20 February 2003 Edition

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Mala Poist

Equality and local government

A Chairde,

No one can deny that successive British governments have practised or tolerated discrimination against Catholics in the Six Counties. Thirty years after the Civil Rights Movement began its campaign and after 25 years of fair employment legislation, Catholics are still nearly two and a half times more likely to be unemployed than Protestants. For many northern Catholics, it's as though discrimination against them is now institutionalised.

Over 25 years ago, the British government took responsibility for the Six-County statelet. Since then, little of practical value has been offered to tackle inequality. The anti-discrimination laws passed in the '70s and '80s have made little impact. A cynical view would be that the Fair Employment Laws were designed to reassure the international community as opposed to altering the status quo of Catholics.

The new Equality Commission is responsible for enforcing anti-discrimination laws, and ensuring that public authorities bring about fair employment. Whilst we welcome its establishment, we are mindful of past experiences of bodies given responsibility to bring about change.

The local government institution in the Six Counties has not changed. No public body has discriminated against Catholics in this statelet as much as local district councils. Local government in the north employs over 8,000 people. This can be broken down to 60% Protestant, 36% Catholic. Four individual councils have less than 10% of Catholics in their workforce. Another 12 have less than 25%.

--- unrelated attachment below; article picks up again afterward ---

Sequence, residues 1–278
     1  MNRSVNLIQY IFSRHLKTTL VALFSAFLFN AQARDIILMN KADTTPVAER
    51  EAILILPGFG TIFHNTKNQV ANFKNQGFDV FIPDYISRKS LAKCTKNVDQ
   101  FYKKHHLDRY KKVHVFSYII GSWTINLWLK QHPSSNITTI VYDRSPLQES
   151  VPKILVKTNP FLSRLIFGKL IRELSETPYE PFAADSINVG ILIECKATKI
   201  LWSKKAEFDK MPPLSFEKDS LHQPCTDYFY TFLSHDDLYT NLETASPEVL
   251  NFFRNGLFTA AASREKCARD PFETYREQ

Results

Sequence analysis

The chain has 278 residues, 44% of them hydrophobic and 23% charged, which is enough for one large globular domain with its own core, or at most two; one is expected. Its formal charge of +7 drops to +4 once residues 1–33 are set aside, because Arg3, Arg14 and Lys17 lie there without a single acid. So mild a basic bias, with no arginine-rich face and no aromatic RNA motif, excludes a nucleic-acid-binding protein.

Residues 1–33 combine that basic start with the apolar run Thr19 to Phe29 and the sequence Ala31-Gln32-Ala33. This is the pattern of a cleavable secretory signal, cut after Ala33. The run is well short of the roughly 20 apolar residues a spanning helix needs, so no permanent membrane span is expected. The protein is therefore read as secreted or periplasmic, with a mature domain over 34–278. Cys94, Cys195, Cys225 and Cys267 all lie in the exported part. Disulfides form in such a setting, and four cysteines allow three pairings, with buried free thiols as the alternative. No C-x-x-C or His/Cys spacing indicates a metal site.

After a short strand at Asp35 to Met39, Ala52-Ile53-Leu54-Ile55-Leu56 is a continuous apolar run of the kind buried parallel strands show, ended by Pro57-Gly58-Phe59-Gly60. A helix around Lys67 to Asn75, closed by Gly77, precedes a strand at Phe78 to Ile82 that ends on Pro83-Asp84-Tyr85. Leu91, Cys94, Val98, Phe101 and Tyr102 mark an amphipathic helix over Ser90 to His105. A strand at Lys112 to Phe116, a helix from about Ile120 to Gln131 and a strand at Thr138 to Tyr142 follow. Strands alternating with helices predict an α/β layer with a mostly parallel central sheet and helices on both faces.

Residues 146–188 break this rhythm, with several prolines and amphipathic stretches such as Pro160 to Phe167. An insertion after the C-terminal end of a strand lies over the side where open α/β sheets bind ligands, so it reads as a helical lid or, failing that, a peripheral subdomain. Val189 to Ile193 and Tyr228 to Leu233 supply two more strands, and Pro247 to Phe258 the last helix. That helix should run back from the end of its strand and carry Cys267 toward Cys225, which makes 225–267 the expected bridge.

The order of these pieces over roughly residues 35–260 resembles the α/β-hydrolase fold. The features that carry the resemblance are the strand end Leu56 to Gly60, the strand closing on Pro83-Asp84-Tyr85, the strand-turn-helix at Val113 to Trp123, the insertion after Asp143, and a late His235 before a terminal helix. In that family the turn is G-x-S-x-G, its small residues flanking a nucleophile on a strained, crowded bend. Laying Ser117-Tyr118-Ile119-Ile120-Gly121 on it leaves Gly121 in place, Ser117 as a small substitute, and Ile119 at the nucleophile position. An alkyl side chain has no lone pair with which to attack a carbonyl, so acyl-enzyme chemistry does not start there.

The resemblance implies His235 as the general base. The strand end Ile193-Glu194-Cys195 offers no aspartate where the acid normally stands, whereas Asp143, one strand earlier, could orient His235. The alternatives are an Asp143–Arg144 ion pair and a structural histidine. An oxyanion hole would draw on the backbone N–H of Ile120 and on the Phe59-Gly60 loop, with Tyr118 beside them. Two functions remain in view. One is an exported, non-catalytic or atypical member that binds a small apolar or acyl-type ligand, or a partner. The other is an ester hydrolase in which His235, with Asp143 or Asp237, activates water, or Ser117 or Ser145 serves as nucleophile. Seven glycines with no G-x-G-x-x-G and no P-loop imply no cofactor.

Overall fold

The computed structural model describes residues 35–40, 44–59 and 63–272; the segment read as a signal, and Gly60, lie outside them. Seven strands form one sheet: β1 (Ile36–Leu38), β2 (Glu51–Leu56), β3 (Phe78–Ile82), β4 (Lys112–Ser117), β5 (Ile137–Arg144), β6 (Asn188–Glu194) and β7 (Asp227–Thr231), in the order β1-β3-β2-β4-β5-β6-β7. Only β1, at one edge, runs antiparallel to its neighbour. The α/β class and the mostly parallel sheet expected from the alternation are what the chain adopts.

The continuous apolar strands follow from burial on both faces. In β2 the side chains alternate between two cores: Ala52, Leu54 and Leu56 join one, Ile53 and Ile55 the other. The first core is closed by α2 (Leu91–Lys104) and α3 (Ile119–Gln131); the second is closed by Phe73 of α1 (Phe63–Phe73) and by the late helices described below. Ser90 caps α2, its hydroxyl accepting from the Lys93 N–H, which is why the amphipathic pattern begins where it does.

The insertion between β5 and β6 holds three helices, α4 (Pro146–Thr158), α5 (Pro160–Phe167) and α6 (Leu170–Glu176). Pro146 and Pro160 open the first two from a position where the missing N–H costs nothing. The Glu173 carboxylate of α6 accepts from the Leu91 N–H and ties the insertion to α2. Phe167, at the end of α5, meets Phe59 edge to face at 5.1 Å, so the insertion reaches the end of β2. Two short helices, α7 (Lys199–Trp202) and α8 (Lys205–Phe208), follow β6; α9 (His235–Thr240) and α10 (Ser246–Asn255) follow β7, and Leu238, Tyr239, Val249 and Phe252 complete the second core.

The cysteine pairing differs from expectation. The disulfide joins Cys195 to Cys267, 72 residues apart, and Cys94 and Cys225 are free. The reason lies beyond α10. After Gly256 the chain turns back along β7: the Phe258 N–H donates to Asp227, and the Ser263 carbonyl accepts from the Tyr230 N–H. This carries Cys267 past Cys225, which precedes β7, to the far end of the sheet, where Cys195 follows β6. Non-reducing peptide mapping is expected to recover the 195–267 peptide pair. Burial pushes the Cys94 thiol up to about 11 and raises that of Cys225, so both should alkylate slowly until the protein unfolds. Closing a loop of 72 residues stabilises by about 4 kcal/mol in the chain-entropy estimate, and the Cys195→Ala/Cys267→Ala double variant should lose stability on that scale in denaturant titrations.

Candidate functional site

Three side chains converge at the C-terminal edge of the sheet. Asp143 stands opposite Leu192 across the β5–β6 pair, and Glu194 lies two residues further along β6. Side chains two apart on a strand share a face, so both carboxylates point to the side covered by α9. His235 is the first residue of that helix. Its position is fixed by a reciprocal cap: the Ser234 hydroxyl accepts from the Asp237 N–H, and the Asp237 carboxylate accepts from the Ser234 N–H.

On the Council that I am elected to, the second largest in the north, only 15% of the workforce is Catholic in an area where the Catholic percentage of the workforce overall is 33%. Catholics only hold two of the top management posts. Women's employment opportunities are even worse. In the top two occupations, on the council, women have only six positions out of a total 28.

The abuse of power by Lisburn Council extends beyond discrimination against Catholics applying for jobs. It has also refused to implement the former FEC affirmative actions programme, and has resisted interference from the FEC.

A study by the FEC in the late '80s showed that most councils across the Six Counties were reluctant to bring about a meaningful end to discrimination. Their recommendations have been widely ignored.

What is required to bring about change, and what has been lacking from the British government, is the will to do what is right. Equality should be at the heart of government decision making in London. However their policies are usually aimed at maintaining the status quo.

As a first step to demonstrate that things may change, the new Equality Authority should investigate each of the 26 District Councils in the Six Counties. It should set timetables and goals to bring an end to discrimination.

It must also tackle the issue of flags and emblems in the work place. Workers must have an harmonious Working environment where they do not feel under threat. Councils should be forbidden display unionist flags and other emblems associated with only one section of the community.